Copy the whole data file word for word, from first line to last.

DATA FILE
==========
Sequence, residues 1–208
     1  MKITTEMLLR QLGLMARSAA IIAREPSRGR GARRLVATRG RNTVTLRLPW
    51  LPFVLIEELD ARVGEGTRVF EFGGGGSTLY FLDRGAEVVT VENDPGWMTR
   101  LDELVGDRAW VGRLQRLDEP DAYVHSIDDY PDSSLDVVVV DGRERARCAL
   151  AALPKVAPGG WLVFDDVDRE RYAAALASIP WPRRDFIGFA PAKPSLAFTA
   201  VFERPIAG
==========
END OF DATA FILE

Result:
Sequence, residues 1–208
     1  MKITTEMLLR QLGLMARSAA IIAREPSRGR GARRLVATRG RNTVTLRLPW
    51  LPFVLIEELD ARVGEGTRVF EFGGGGSTLY FLDRGAEVVT VENDPGWMTR
   101  LDELVGDRAW VGRLQRLDEP DAYVHSIDDY PDSSLDVVVV DGRERARCAL
   151  AALPKVAPGG WLVFDDVDRE RYAAALASIP WPRRDFIGFA PAKPSLAFTA
   201  VFERPIAG